This is a followup to Post #773, contrasting how the Russians are approaching vaccine development compared to America (and presumably the rest of the world). In a nutshell, the Russians are hurrying things along, while we aren’t.
Two things have come into the news stream since that time.
One was our own Dr. Faucci, wagging his fingers and tsk-tsking at the Russians, saying they didn’t have a “real” vaccine because they hadn’t jumped through all the hoops that the public health infrastructure traditionally requires. He’s been doing that for the better part of two weeks now. Seriously, he was quoted as calling the Russian vaccine “bogus”.
The other was that, per Newsweek, the Russian minister of health has explained exactly what the Russians are doing, and why. Putting aside the usual Russian paranoia, they are doing exactly what I had stated in Post #773. They’re going to use it for high-risk populations now, after the vaccine has passed safety trials but before they know how well (or whether) it actually works in preventing COVID-19 infections.
Here are a few key quotes. These, in a nutshell, are why I think the Russians are being smarter about this than we are. If you read the details, what they’re actually doing is not hugely different from what we’re doing. Except that they’ve licensed their vaccine for general use already. If you’re a high-risk worker in Russia, you can try the Russian vaccine now. But not if you’re a high-risk worker in the US. These are all from the Newsweek article cited above.
1: "Russian authorities and scientists say the vaccine .. is safe and induces a significant immune response against COVID-19, based on results from small-scale human trials over the past months."
2:" ... mass testing of the vaccine ... will begin next week ... will involve more than 40,000 volunteers ... will be randomized and placebo-controlled. "That will be a very important trial that will go on in parallel to vaccination [of high-risk groups, such as health workers,]" Dmitriev said."
3: Normally ... "Phase III" trials such as this are typically held before a given candidate is approved. However, Russian officials have decided to approve the vaccine early given the nature of the pandemic.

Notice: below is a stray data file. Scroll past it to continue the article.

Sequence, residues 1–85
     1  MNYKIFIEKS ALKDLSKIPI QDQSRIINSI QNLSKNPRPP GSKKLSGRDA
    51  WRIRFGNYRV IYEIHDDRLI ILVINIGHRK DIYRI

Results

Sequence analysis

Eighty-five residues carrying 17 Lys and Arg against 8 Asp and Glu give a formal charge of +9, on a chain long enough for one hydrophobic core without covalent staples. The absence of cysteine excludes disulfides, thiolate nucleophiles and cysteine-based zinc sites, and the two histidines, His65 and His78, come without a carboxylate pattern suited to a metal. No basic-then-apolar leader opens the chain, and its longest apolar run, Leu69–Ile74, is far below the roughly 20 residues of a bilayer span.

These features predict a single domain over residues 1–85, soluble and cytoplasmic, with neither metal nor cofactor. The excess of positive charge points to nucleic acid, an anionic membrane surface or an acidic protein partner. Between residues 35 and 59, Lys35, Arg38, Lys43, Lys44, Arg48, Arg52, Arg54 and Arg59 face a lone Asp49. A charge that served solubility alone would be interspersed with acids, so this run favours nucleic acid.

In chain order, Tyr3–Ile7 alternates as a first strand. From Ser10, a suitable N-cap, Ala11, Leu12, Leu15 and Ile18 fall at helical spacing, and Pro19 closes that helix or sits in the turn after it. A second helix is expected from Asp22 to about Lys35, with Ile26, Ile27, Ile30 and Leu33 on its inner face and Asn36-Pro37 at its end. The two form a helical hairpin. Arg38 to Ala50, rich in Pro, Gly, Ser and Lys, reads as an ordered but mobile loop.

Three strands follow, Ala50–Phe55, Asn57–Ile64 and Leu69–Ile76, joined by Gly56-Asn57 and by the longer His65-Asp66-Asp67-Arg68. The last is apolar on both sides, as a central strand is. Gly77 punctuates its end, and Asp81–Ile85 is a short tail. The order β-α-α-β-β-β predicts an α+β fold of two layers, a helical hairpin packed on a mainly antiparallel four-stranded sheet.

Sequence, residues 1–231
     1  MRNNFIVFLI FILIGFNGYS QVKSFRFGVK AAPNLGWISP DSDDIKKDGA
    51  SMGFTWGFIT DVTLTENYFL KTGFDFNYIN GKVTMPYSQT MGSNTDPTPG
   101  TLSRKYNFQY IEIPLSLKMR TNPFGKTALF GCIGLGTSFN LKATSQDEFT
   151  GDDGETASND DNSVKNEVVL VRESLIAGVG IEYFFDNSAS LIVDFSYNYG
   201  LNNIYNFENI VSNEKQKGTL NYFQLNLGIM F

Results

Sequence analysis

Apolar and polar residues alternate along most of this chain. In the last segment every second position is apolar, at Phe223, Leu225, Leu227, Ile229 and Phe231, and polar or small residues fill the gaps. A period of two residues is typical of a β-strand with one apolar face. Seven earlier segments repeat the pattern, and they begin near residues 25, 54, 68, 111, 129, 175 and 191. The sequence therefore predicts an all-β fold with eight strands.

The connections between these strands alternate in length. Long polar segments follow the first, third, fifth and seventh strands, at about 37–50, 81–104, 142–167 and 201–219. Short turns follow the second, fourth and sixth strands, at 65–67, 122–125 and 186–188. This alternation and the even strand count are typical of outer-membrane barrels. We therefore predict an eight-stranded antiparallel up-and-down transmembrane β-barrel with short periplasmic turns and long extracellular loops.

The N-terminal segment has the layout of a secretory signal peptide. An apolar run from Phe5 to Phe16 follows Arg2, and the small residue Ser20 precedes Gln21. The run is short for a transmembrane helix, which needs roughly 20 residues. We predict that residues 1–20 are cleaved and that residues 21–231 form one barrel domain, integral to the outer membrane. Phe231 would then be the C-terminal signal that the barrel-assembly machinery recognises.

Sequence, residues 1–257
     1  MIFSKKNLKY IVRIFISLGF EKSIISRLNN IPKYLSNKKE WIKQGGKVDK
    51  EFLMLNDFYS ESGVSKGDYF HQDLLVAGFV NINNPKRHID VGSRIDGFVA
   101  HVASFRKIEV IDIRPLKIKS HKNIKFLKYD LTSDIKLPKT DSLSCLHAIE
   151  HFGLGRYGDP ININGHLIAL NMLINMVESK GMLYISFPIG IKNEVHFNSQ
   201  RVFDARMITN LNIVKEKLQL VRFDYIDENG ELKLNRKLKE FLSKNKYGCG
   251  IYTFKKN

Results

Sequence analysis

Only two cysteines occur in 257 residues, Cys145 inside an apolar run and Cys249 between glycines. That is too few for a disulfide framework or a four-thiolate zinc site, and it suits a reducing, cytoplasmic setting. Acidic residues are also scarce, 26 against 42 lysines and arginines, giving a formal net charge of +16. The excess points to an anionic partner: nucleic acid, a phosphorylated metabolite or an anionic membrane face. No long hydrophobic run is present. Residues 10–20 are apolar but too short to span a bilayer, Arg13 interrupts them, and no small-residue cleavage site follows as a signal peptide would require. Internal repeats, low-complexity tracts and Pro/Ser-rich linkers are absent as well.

4: At least four other COVID-19 vaccine candidates around the world have reached this stage, but are yet to be approved by regulators in their own countries.
Items 1 and 2 describe exactly where “our” vaccine (via Moderna) is now. Except for the part in boldface. Item 3 is what I’m harping on. That boldface part — “given the nature of the pandemic” — is something that US regulators can’t quite seem to grasp is important. And point 4 is just to say that the Moderna vaccine and three others could be used as the Russians are using theirs. Now.
I’m still with the Russians on this one. I think they are being vastly more rational about this than we are. At present we have:
- Maybe 600 a day dying from this in the US.
- The near-complete disruption of the US educational system.
- The US economy on the edge of the next Great Depression
- Unemployment over 10%
- A Federal budget deficit of $0.8 trillion dollars in the last reported month, with no obvious way to reduce that, see point 3.
And yet, our regulatory bureaucracy keeps insisting that the only rational course is to ignore all of that, and proceed as if this were any other vaccine development situation. In business, you’d call this situation “silo mentality”. If and only if the only concern were to have a perfect vaccine, our bureaucracy has it right. But true leadership would break open the public health silo in recognition of the full scope of the situation. And if we ever get rational executive branch leadership again, I surely hope that’s the first thing about this situation to change.
Once again, I’ll lay out the logic. If the vaccine is safe, but doesn’t work, you’ve lost nothing by giving it now. If it’s safe, and it works, you’ve lost a huge opportunity by NOT giving it now. Heads you win, tails you don’t lose.
The Russians are calling their vaccine Sputnik V. But this really ain’t rocket science.